Hiroko is a great woman for us to profile this time of year. Her life is an example of making goals and accomplishing them in the midst of great trials.
While Hiroko was raised by parents who were well-meaning, she felt throughout her childhood that she just didn’t measure up. This feeling affected every area of her life, but it especially impacted her relationship with food. Food was used as a means of control in her childhood home, as reward and punishment. During her childhood she was also haunted by depression which followed her throughout life, especially after the births of each of her 4 children. At her lowest point Hiroko weighed 218 pounds and was a size 24. It wasn’t just the weight that meant rock-bottom to her, that was just an outward sign of all that was afflicting her.
For years she felt that the depression was her fault, feeling that if she exercised more, prayed more, ate less, or read her scriptures more that her depression would go away. After the birth of her second child, during a bout of post-partum psychosis, Hiroko took an overdose of medication. Her cry for help was answered when she went to counseling and was prescribed medication to help her with her depression. She realized that the Lord had given her a different means of getting help. She realized that for her, counseling and medication didn’t mean she was bad or weak, but they were blessings from a loving Heavenly Father who wanted her to be happy again. Her priesthood leader, or bishop, has been a source of great comfort and counsel as well. Hiroko still struggles with seasonal and post-partum depression, but now she has knowledge and tools that help.
After trying many ways and means to loose weight Hiroko found something that worked for her. I’ll let her tell you about it:
I prayed for guidance, explaining to the Lord that he made my body and knew it better than I did, that I couldn’t do the weight loss on my own. I asked my husband for a blessing as part of my start to losing weight. Two months later, the local gym offered a weight loss contest similar to a popular TV show. I was blessed to be on the right team, blessed with the right trainer that used gospel principles, at times, in training. He taught fat-loss, not weight-loss, nutrition, wise choices, how to control my food, how to change my behaviors and the whole picture, not just weight loss.
Oddly, I found myself starting to deal with other emotional issues after losing the weight. Issues I drowned out with food. I thought my issues were all food related, but it became apparent that there was a layer underneath all the fat I used as an emotional shield. That has been a road in and of itself as I have learned that food isn’t a means of escape (although, every now and again, I find myself there again). I faced the issues hidden between all the chocolate cakes, gallons of ice cream and whole pizzas. I still keep in mind the gospel principles that coincide with weight training and exercise as I work out. It keeps my focus in both aspects.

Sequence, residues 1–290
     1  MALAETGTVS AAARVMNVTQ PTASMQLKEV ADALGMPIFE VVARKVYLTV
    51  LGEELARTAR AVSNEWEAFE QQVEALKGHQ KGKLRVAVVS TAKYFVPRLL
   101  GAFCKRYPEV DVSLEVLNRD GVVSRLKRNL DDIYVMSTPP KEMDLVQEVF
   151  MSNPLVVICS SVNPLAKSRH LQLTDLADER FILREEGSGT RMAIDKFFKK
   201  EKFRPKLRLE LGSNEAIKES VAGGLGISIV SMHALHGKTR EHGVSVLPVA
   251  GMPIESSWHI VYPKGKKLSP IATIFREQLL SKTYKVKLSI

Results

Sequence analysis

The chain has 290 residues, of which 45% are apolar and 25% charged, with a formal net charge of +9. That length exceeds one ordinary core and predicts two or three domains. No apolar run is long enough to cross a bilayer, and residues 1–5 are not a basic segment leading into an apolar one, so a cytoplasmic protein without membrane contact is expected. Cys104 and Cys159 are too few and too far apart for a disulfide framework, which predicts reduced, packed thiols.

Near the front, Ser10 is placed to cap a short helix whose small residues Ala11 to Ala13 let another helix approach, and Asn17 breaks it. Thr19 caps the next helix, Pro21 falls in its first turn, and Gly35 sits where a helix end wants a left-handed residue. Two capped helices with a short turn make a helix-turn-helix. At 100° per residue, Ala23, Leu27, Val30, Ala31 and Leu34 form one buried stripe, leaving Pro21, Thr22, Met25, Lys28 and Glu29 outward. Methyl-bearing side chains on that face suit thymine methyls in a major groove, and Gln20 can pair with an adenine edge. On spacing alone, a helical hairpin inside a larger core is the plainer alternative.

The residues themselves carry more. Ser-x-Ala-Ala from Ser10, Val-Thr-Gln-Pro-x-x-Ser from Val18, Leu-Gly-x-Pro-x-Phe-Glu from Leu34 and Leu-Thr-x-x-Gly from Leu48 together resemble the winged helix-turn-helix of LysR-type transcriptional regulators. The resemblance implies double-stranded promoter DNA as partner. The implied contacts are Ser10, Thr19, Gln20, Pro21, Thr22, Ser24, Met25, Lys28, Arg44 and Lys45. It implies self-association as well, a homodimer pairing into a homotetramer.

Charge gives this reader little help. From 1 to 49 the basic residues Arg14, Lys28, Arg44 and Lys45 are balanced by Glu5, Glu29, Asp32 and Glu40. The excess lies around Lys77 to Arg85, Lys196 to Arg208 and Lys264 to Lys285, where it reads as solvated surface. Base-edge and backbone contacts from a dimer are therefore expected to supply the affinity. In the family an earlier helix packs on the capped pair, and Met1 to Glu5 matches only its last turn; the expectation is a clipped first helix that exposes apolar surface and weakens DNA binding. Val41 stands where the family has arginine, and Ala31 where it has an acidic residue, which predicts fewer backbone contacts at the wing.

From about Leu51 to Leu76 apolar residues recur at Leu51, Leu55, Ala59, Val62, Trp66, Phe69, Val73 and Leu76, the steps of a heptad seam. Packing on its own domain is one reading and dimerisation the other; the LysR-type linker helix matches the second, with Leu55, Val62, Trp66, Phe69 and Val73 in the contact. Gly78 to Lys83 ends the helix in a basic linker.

Now Hiroko is working to help others meet their goals for weight loss. She is making progress towards becoming a personal trainer and nutritionist. Being a wife and mother to her four children comes first though. Because of what she has been through she teaches her children that food is energy, to be used in moderation. She also teaches that they should be grateful for their body, no matter what shape it is. She says, “I have been blessed with key LDS women in my life. Women who have been a beacon to me throughout the course of going through all that I have. Most of them don’t even know how much of an influence for good and strength they have been to me. It has been a very long road to finding me, finding myself, finding the Lord. Truthfully, it’s a road I’m still on, but I’m trying my best to find the end of it.”
This is Hiroko’s advice for people seeking to lose weight:
Different things work for different people. Don’t beat yourself up. There’s always tomorrow. Keep a food journal. The most important thing is writing down the emotion and the event with everything you eat. If it’s a regular meal, or if you just had it out with your teen and went for the Oreo’s. Tapping into why we eat is key to changing the behavior and the pattern. Do this for at least 2 weeks before starting any program. It’s easier to change when we know what to change. Everyone’s pace is different. Go at your pace, what you know you are inwardly capable of (because you are more capable than you think you are!).
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